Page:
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It's Your Money  

Turn 2nd home into asset

You love your second home, but, to be honest, you’re not there as often as you’d like.

Maybe you have a big trip planned somewhere else this summer. Or, the kids now have jobs and you don’t feel like going to the beach house as much without them.

Either way, it’s a shame for it to sit empty. Especially since Canadian cottage prices are on a tear, and many people are looking for more “local” vacation ideas. Upkeep costs keep rising too, and that dock won’t fix itself.

Maybe it’s time that your second home brought in an income of its own.

How can you rent out your cottage with the least amount of hassles?

Prep your digs

The first place to start is to fix the little things, such as the ripped screen door or the exposed pipe.

Then, call your insurance company to make sure you’re covered for any damage during the rental period. Rentals must be specifically included on your policy and you should have at least $2 million worth of liability coverage.

Adding this to your existing policy can cost $200 or more a year, but is absolutely vital.

Gather your valuables and either remove them from the property or set aside in a locked closet or room. While most rentals go without incident, there is always the risk of breakage or damage.

Market your property

These days, most people use full-service rental websites such as Airbnb, Canada Stays, VRBO or Cottages in Canada. These sites either ask for a subscription, take a percentage of your rental income or pass on their fees to your renter, making the stay more expensive for them.

However, they ensure your cottage gets seen, and can help you take deposits, final payments and communicate with customers.

You can also bypass these by setting up your own website and facilitate the entire transaction yourself. You may not get as many eyeballs on your listing as you would on Airbnb, but you’ll be able to keep all the money you make.

Price your rental based on amenities, such as number of bedrooms and proximity to water or tourist attractions, and also on the going rates in your region.

On the ground

Unless you plan on driving to your cabin every time you have a new rental, consider hiring a management rental company. They’ll do everything from visiting the property and taking photos to advertising and paperwork.

Some will even include things such as concierge services and on-site private chefs for upscale properties.

A management agency could take care of things such as cleaning and emergency repairs so you don’t get a call at 2 a.m. with a problem.

Name your price

Price your rental based on amenities, such as number of bedrooms and proximity to water or tourist attractions, and also on the going rates in your region.

You can easily research the competition online and price your home competitively to increase occupancy. Most owners do dynamic pricing, charging more on weekends and for peak demand times, such as summer or ski season.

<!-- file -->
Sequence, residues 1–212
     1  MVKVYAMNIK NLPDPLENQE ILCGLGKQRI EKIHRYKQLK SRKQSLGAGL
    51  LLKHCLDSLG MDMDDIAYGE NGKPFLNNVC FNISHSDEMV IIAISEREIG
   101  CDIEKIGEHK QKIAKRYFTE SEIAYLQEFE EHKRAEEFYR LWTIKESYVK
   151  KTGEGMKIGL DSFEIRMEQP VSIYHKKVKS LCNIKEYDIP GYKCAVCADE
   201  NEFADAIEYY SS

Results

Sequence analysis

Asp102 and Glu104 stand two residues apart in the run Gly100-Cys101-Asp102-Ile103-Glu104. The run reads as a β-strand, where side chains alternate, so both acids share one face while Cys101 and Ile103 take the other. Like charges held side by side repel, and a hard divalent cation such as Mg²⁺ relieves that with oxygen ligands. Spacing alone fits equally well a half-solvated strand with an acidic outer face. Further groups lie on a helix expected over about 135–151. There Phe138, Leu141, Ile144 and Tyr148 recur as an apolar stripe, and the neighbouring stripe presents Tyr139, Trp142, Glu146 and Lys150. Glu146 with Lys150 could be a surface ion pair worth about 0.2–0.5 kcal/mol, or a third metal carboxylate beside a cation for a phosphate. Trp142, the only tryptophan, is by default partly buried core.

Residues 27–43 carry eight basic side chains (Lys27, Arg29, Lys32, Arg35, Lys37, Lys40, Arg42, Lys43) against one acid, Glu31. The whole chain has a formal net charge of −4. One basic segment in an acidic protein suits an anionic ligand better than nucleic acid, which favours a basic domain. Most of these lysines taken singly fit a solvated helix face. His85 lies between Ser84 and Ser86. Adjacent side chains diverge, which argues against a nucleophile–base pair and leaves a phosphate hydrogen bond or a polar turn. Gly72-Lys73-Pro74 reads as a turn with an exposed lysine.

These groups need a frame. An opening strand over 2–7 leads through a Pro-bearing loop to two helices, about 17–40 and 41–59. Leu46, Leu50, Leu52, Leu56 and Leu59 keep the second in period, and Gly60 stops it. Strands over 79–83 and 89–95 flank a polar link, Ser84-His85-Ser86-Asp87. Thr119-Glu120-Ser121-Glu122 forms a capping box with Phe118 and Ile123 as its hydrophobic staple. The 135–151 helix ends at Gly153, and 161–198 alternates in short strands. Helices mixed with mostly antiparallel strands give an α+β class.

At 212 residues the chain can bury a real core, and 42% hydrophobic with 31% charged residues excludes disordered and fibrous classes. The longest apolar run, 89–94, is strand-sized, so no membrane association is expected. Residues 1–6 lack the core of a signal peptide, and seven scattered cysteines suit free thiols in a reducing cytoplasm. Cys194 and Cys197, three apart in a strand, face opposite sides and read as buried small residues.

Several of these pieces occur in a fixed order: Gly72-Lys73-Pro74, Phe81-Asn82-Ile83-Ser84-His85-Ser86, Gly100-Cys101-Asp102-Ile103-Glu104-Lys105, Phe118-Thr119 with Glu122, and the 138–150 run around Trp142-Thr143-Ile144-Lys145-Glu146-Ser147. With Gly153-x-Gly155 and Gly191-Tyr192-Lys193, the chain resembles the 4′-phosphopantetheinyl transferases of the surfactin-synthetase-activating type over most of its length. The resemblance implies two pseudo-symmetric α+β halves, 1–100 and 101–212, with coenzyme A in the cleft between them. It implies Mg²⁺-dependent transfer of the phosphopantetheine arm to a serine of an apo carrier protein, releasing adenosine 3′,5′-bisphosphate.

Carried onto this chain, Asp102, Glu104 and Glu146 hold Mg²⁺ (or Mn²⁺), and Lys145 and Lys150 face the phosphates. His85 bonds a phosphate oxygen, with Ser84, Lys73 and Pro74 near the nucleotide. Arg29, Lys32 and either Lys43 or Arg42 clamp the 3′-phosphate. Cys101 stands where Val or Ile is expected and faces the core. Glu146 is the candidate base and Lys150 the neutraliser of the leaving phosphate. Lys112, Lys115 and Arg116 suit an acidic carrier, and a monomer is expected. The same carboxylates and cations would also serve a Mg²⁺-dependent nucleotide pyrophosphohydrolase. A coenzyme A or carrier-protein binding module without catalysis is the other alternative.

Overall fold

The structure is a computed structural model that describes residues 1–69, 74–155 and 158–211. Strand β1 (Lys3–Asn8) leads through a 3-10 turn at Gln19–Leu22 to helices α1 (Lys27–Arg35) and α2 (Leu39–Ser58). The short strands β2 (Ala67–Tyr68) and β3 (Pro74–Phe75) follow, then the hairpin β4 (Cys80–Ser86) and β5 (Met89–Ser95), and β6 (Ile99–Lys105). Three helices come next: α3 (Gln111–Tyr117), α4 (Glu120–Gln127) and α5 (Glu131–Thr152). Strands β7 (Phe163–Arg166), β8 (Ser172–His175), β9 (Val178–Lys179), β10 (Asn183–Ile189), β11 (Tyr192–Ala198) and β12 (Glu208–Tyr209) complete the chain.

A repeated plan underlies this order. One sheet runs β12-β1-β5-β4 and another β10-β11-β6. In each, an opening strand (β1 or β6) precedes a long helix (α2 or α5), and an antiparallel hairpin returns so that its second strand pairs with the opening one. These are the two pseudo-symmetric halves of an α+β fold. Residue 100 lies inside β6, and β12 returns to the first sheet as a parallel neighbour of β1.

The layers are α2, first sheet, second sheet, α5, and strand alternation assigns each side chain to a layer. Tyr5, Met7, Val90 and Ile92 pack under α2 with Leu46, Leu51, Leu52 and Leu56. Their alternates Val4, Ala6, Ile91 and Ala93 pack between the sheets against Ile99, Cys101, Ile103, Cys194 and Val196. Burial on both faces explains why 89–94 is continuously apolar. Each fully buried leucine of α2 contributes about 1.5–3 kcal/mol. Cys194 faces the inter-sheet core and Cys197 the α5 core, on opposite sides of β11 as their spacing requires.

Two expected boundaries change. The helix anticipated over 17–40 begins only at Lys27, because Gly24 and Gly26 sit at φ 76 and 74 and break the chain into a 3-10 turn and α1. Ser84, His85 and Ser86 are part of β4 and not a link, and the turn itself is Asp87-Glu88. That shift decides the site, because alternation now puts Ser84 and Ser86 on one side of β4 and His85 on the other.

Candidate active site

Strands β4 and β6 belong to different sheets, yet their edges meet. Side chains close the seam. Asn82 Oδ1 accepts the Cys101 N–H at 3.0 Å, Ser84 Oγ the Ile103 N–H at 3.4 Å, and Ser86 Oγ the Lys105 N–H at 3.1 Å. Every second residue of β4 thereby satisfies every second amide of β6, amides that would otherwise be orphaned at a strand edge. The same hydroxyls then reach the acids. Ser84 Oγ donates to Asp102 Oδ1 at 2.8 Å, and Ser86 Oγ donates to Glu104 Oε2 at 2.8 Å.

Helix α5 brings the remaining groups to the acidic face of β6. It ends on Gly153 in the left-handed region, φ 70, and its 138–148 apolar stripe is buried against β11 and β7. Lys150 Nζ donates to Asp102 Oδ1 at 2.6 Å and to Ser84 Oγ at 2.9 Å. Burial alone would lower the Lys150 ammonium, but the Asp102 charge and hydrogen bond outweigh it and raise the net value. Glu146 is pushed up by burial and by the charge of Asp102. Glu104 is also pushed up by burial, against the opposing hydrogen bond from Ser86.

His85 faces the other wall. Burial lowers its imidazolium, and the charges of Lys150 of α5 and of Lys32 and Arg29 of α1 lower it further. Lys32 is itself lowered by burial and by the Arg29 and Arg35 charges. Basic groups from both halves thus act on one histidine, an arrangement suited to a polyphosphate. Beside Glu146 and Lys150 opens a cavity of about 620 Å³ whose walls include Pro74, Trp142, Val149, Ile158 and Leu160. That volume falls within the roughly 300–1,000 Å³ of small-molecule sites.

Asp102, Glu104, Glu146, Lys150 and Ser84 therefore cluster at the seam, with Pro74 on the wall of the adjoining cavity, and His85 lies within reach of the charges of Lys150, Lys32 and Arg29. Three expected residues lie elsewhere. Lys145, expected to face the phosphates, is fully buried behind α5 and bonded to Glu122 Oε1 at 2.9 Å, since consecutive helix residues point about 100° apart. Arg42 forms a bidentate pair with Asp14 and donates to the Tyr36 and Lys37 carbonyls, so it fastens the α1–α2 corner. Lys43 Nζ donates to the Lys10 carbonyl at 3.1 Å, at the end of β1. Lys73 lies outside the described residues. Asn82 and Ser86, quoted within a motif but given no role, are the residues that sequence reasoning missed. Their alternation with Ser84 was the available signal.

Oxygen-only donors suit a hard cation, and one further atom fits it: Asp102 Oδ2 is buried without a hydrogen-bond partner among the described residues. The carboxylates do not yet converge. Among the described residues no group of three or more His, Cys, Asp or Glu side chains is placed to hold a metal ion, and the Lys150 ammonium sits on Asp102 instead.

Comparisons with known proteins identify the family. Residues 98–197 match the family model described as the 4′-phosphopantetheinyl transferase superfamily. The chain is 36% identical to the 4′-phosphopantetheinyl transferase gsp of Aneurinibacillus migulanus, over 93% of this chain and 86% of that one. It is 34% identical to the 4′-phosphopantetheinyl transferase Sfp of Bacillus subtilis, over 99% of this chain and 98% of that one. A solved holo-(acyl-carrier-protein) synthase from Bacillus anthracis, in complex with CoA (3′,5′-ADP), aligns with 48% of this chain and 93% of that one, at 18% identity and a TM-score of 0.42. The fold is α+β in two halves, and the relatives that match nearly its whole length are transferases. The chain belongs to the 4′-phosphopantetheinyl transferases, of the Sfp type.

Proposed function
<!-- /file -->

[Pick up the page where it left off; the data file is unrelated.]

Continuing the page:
Pay attention to taxes

If you intend to rent out a cottage or ski chalet for many weeks of the year, there may be potential tax issues and this will likely mean more time spent tracking all of the income and expenses related to the property.

Your adviser or accountant can help you understand the issues and explain the bookkeeping requirements.

Revenues earned from your cottage are taxable, but you can claim expenses, such as a portion of what it costs to run the cottage, plus rental-related costs such as cleaning and property management fees, etc.

But in the end, don’t forget to book a week or weekend off for yourself, too. You may still get the urge to get to the cottage, even if it’s only once a year.





A sign(ature) of the times

In May, in response to the global pandemic, the B.C. government issued two emergency orders that suspended in-person execution requirements for:

  • Wills
  • Health representative agreements
  • Enduring power of attorney documents.

These emergency orders allow legal professionals to assist their clients, especially seniors and immune-compromised people, who wanted or needed to execute these documents, but couldn’t or shouldn’t travel from their homes.

The orders are tied to the provincial state of emergency and will expire when it is lifted.

But in this day and age, when you can sign most other legal documents digitally, why is this only a temporary measure?

Well, good news was announced last week by Attorney General David Eby in the form of proposed changes to the province’s legislation governing wills and estates that would make these provisions permanent.

“This modernization initiative was underway before the pandemic, but COVID-19 has made the reasons for these changes obvious to all British Columbians,” Eby said.

“With this change, lawyers and notaries will no longer have to tell very sick people that there needs to be a personal visit in the hospital, or a court application, before their wishes can be recognized,” he added.

Similar proposed legislative changes are being looked at across the country based on work by the Uniform Law Conference of Canada, which makes recommendations to harmonize and reform laws across the country.

This is great news for British Columbians, as well as other provinces that follow suit.

A recent survey found that 51% of Canadians don’t have a will and it is safe to assume that even fewer have a health representative agreement or enduring power of attorney document.

At the same time, the interest in getting ones’ estate affairs in order has risen dramatically.

A Toronto-based online will service reported a 620% increase in sales in early April vs the same time a month before. A similar spike in life insurance applications has been seen during the same period.

These very important things that many have been putting off for far too long are finally getting the attention they deserve.

Dying without a will risks having your assets distributed according to a provincial formula, which varies across the country. Minor children would go to whoever applies to be the guardian, even if it’s a relative they didn’t like. And pets most often end up in shelters.

It typically takes much longer to administer an estate and often leads to arguments among family members.

If one good thing comes out of the COVID pandemic, it will be that many people are finally taking the time to get their estate affairs in order. And these proposed changes to legislation will make it that much easier to do so.



Save money on a rainy day

With July starting in two more days, many are patiently waiting for summer to finally get started. A lot of people find themselves with a little more free time than usual this year while they sit indoors and wait for the storms to pass.

Good news, I have a simple idea for you to pass some time! Your next rainy-day project is to lower your interest rates on any debt that you pay. It helps to be prepared so during the next big thunderstorm, sit down and get started on a plan.